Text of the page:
WE ARE MEN WHO CHOOSE ANOTHER TO WALK WITH...
For Illuman men, connecting is one of the five touchstones we want to advocate as being a necessary component in all aspects of our work, from the Journey of Illumination to our Chapter events like the MROP or Firmings, and from how we meet communally to our one-on-one relationships. We want the five touchstones to permeate all aspects of our communities.
One of the touchstones is connecting. Truly connecting should be one of our highest goals. As such, we need to know what is meant by connecting. There are many nuances to connecting, but the purest sense of connecting is the joining. To be really connected is almost as if two separate entities become one—much like a marriage.
Of course this kind of connecting between men could be very uncomfortable. Most of us do not want to be that intimate with another man. It’s a risk and implies doing the even riskier thing of loving another man. But connecting, and even loving, does not always mean there has to be a marriage. That kind of love and intimacy can and does exist outside of matrimony. A good example is the relationship between King David and Saul’s son Jonathan. When they met, “There was an immediate bond between them, for Jonathan loved David.”
Likewise, just at it would be hard to imagine being married to multiple partners, the ability to truly connect with another seems, by nature, to exclude. Most of us simply are not able to be that open with everyone and, in fact, it may be just one or two people that we truly feel connected to. Finding those people and maintaining those relationships are paramount when furthering the spiritual journey but, just like with many marriages, there are failed attempts to connect so we need to be discerning in our search.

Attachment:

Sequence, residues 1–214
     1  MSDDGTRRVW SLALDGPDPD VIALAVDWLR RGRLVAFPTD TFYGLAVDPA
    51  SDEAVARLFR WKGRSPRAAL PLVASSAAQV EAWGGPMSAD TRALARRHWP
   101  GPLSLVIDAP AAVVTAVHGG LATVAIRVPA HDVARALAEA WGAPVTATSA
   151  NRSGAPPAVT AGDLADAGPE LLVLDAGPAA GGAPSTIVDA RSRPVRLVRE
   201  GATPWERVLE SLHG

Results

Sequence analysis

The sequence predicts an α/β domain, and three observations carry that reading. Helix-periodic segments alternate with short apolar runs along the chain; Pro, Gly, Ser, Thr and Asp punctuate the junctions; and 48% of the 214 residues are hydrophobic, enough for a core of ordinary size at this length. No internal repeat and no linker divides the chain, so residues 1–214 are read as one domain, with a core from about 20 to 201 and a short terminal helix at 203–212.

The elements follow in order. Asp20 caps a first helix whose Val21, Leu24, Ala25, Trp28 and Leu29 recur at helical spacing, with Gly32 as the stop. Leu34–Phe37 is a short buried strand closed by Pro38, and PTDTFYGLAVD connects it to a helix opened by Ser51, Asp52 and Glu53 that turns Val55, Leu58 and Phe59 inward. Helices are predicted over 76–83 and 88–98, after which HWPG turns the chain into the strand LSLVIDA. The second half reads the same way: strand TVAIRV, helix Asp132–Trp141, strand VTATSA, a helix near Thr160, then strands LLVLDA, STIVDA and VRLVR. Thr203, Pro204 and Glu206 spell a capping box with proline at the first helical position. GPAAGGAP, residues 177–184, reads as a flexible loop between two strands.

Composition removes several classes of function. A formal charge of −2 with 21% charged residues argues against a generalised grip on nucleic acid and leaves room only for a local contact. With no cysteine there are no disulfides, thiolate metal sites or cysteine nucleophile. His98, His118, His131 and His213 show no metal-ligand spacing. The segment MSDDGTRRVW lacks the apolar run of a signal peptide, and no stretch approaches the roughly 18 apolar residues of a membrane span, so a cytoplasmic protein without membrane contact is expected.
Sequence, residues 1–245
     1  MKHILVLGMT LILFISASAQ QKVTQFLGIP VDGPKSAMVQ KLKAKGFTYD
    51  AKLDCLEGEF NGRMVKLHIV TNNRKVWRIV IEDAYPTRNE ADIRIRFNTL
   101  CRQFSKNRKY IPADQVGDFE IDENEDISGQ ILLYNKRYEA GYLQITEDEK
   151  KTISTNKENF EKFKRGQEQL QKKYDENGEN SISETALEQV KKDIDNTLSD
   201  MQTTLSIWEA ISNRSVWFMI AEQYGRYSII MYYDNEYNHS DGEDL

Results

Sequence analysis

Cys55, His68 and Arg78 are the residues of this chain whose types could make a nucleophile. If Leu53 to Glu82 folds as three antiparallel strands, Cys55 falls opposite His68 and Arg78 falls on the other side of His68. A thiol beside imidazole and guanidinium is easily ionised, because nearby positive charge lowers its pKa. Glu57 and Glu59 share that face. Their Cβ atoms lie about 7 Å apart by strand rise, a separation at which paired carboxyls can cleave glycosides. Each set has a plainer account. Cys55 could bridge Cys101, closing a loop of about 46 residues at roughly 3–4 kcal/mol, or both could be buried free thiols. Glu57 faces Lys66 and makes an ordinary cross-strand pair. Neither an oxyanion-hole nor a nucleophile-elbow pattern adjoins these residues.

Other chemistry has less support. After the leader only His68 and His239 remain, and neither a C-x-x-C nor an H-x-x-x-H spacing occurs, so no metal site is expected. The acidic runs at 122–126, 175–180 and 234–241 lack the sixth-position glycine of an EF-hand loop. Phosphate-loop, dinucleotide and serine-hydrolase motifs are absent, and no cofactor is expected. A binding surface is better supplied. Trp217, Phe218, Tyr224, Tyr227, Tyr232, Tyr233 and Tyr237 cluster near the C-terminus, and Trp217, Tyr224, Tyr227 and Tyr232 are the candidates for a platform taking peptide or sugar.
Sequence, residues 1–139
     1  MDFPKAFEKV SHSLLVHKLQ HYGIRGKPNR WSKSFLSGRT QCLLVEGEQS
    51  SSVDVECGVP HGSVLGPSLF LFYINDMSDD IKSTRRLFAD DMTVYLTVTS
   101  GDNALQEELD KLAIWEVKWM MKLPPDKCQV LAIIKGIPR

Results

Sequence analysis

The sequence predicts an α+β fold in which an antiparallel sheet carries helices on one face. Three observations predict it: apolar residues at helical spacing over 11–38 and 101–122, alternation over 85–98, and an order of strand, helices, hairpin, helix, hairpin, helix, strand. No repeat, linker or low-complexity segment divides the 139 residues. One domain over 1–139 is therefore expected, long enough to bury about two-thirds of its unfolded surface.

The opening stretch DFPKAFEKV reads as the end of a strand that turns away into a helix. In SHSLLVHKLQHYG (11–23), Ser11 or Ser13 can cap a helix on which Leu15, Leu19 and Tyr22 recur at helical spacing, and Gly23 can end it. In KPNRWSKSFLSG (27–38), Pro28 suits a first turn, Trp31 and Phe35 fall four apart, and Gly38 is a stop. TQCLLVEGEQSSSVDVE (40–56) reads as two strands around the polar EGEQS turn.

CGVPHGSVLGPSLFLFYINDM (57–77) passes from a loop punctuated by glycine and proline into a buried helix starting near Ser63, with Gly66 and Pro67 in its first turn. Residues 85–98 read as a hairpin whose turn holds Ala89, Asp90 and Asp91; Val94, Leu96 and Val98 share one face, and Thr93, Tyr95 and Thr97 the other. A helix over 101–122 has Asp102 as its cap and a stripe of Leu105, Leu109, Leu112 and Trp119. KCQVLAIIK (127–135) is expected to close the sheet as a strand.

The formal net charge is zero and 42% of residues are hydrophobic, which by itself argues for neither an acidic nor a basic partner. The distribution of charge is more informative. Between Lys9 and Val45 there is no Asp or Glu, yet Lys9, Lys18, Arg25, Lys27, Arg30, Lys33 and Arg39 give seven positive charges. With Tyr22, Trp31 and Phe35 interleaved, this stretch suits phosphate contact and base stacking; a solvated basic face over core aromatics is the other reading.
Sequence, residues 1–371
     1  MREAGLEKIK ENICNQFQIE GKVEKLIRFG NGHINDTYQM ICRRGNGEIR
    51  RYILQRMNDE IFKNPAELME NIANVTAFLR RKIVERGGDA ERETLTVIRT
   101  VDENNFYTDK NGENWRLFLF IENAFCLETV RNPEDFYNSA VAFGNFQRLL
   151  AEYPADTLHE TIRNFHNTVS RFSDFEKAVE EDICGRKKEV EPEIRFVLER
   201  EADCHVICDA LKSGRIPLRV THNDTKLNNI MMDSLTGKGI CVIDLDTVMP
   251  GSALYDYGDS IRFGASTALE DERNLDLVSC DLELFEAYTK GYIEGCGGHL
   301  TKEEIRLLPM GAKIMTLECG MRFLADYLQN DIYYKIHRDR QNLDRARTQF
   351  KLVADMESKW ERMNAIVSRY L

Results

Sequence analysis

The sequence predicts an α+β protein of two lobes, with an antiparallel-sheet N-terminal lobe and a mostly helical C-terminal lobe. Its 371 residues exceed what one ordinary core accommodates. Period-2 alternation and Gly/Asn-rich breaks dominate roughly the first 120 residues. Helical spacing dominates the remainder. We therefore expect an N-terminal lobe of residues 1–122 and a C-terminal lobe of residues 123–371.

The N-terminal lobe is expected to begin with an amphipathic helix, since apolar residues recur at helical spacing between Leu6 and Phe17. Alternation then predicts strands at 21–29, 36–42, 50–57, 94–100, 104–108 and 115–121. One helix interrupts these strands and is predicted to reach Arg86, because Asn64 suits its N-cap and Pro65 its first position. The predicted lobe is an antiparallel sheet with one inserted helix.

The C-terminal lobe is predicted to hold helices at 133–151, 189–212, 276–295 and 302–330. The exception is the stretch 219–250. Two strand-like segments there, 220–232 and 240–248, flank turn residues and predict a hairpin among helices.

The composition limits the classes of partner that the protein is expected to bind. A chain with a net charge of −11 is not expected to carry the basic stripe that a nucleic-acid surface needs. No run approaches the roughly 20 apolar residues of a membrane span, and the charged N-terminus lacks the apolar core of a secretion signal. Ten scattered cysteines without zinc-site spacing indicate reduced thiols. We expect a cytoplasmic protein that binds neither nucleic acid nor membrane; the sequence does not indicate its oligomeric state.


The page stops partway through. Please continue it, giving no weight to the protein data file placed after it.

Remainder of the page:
A good starting point could be with a group of people. In AA, alcoholics are told to find a sponsor. Connecting with a sponsor is vital to maintaining sobriety. Newcomers are asked to look for a sponsor from within the local AA group, someone who demonstrates qualities that the newcomer would want in himself. Being part of the group and knowing there is this “other” out there gives alcoholics safe space and support to make healthy choices.
Ultimately our goal is to find these one-on-one relationships with someone who will truly listen to us—and to whom we will truly listen. Sakej Henderson says, “to truly listen is to risk being changed forever.” We are on a spiritual journey and we need someone who will be there, maybe not from start to finish, but someone who walks with us a significant way. So, like any man attempting to climb a high mountain, a good way to ensure success is to get yourself a good Guide (an Elder or a Mentor) who has been there before and knows the way. Some of us may need more than just a guide, possibly a Sherpa (Spiritual Director or Therapist) who can help carry some of the load when things get too heavy. Sometimes good guides are hard to find, but there is another man who wants to venture up the mountain with you. You decide together that you will start out, trying to find the way as a duo (Soul Brother).
It seems we all must undertake this journey, whether we want to or not. For many of us the journey has been hard, with lots of struggles and suffering along the way. But the mountain top will not come to us and usually, when we get to one peak, we see there is another. The journey never ends. Thankfully we do not have to venture out alone.